PJ’s mother made a very common mistake after one nutrition visit in that she quickly and substantially increased foods containing higher fiber in his diet without subsequent increase in fluid intake—this unfortunately led to an exacerbation of his constipation but was quickly fixed at the next follow-up appointment a month later after obtaining a detailed diet history. One challenge of providing adequate daily fiber in the diet for toddlers is that many foods containing higher amounts of fiber tend to be less palatable or harder to chew and swallow (see Table 3 showing examples of toddler-friendly higher fiber foods). Certain goals routinely reviewed are to use label reading as a guideline when making food choices. For example, shopping for cereals with 3–5 grams of fiber per serving and breads with at least 3 grams per serving are two easy ways to obtain a regular source of fiber in a young child’s diet.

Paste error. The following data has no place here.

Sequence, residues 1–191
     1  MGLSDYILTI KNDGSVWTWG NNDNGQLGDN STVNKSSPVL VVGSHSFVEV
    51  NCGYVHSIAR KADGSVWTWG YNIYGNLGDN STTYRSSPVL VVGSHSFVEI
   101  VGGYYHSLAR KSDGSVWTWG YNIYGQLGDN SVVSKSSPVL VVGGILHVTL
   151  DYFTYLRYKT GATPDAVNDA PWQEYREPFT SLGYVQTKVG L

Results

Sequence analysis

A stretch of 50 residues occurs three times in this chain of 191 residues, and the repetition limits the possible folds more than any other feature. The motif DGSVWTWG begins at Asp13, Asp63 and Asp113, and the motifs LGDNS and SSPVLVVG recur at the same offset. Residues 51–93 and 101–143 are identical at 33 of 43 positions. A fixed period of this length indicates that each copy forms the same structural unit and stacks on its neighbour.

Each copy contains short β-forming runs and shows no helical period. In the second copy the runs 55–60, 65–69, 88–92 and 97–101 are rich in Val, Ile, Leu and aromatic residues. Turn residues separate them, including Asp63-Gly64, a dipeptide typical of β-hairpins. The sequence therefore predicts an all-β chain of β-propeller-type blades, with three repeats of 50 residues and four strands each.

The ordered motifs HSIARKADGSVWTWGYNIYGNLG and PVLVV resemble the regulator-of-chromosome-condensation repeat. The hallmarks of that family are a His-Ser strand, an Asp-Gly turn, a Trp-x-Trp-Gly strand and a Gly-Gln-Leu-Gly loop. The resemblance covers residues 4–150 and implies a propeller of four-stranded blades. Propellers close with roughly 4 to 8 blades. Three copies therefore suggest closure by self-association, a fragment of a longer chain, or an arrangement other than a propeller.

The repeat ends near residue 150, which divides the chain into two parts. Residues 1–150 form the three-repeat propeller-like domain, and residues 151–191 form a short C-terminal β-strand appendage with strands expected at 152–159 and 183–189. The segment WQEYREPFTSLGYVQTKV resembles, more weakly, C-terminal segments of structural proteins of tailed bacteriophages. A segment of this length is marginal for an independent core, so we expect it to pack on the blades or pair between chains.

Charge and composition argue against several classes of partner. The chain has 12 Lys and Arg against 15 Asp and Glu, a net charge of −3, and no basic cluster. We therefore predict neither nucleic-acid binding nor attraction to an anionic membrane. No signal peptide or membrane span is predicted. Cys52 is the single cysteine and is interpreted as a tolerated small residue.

Table 3

Table 3

An additional nutrition challenge is that there is not a good consensus on exactly how much fiber a young toddler and child need per day. Although studies are mixed with no true consistency in recommendations, the Dietary Reference Intake recommends 19 grams of fiber per day for children aged 1–3 years and 25 grams per day for children aged 4–8 years (Kranz et al., 2012). This recommendation also falls into place with the American Heart Association consensus statements. As a quick reference point, they also cite 14 grams per 1000 calories consumed in toddlers and young children, which in generally lines up with the Dietary Reference Intake guidelines. Many parents will often ask the author about the “age plus five” rule for fiber—this was established by the Institute for Cancer Prevention in 1994 and, in general, is thought to be outdated and too low. In the case of a child with a predisposition to constipation (as in PJ’s case), this recommendation would not be high enough to best treat his constipation. Most children (and adults) do not meet daily fiber intake recommendations and need ongoing counseling. This becomes paramount in the instance where there is a higher risk of constipation, which is evident in this particular case.

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CONCLUSION